ARS Names Geoffrey Burgess Incoming AR Managing Editor

The ARS is pleased to announce the appointment of Geoffrey Burgess to succeed Gail Nickless, who is retiring, as editor of American Recorder.
 
Burgess was selected after a yearlong process that included separation of Nickless’s job into editor and layout functions, posting position announcements in summer 2023, screening 16 Managing Editor applications, interviewing seven candidates, and narrowing down to two finalists. The search task force included Carol Mishler and David Podeschi, respectively current and past ARS President; Jody Miller, ARS Vice President; Board member Virginia Felton; Administrative Director Susan Burns; and Nickless.
 
Burgess comes to the editor position with significant experience as the oboe editor of The Double Reed, a quarterly journal for players of double reed instruments. Born in Australia, he studied Baroque oboe in The Hague, Netherlands. During his varied career, he found himself increasingly drawn to writing.
 
Commented Mishler, “Geoffrey has direct experience doing almost exactly what we need for our magazine. Not only can he write, but he has served as editor for a music print publication—sourcing articles, editing the copy, and working with layout specialists. He recognizes that our publication serves a varied audience of recorder players—from beginners to professionals. I am excited to have him join us.”
 
As Managing Editor, Burgess will solicit, select and edit articles, select AR covers, and work with the Layout Specialist on placement of music and visuals in the magazine layout.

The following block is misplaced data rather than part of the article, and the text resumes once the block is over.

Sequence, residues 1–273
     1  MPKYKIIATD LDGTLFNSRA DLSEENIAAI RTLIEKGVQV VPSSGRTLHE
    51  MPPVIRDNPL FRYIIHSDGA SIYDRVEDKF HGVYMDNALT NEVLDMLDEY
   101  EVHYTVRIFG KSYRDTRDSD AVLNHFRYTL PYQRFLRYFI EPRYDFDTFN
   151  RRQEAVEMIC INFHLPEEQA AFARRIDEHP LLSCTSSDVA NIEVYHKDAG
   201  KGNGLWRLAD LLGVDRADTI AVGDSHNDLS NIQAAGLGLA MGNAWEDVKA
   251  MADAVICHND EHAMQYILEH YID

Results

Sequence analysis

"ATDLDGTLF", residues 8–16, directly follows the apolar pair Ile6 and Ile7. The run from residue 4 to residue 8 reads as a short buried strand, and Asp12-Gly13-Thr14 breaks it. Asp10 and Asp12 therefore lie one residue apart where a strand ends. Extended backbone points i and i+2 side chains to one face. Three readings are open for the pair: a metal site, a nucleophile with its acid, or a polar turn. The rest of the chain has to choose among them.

Burgess states, "I'm thrilled to be joining the American Recorder Society as Managing Editor. I want to take the opportunity to applaud Gail Nickless for all her remarkable work as editor of American Recorder and on the Society's newsletter. Gail will edit the Summer issue, and then it will transition to my supervision.
 
"Some members welcome the magazine as a source of valued information, advice and wisdom; for others it is an outlet where they can share their expertise; for all of us it is a way to connect to a broader community. My goal is to see that all of this will continue. Over the next months I will be learning the ropes from Gail, and I look forward to working with the other members of the editorial team, each of whom bring such valuable contributions. One key member is yet to be appointed. There is an on-going search for a graphic artist and layout specialist. I will be participating in the search, and encourage you to make recommendations, and nudge potential candidates to apply for this position by March 30.
 
"Alongside my editing, I will not abandon my performing. When you see me on stage or at a festival around the country with an oboe or recorder in hand, please come up and introduce yourself! There are many faces that make up the ARS, and many stories still to be told. I'm particularly interested to learn what you value in American Recorder, and how I can best serve the Society's goals through its publication."

As he mentions above, one of Burgess’s first duties is to work with task force members to select the Layout Specialist or firm, a contract job for which applications are due by March 30. He began in March by shadowing Nickless in the production of her final issue, the Summer AR.
 
While his main instrument has been oboe, Burgess is well connected in the recorder world. His recorder performances have included playing in the opera orchestra of the Boston (MA) Early Music Festival (BEMF) and in BEMF fringe events, as well as in Washington, D.C., and closer to his Philadelphia (PA) home.
 
The April 2014 AR included an excerpt from Burgess’s book about recorder maker Friedrich von Huene (1929-2016), Well-Tempered Woodwinds. Recently out of print, this book is available again. Burgess also gave a 2015 BEMF presentation, based on his book and covering the friendship between recorder virtuoso Frans Brüggen (about whom memories appear in the Spring 2024 AR) and von Huene. We look forward to more of his offerings.
 
 
‚ÄčPhoto at top: Emily O’Brien